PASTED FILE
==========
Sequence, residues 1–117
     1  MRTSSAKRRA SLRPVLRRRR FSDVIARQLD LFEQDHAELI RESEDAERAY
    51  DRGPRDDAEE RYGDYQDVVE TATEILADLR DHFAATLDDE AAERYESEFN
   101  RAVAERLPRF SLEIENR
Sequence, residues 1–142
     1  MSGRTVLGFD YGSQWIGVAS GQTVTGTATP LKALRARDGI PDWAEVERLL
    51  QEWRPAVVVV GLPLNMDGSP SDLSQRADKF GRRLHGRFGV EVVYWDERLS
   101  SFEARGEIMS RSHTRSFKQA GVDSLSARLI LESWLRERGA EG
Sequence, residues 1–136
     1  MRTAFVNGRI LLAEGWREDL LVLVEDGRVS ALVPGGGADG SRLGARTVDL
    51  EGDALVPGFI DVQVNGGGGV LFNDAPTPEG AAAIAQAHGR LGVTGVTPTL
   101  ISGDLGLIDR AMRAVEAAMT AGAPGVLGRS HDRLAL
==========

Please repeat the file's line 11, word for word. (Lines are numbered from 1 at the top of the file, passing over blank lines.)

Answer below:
    51  EGDALVPGFI DVQVNGGGGV LFNDAPTPEG AAAIAQAHGR LGVTGVTPTL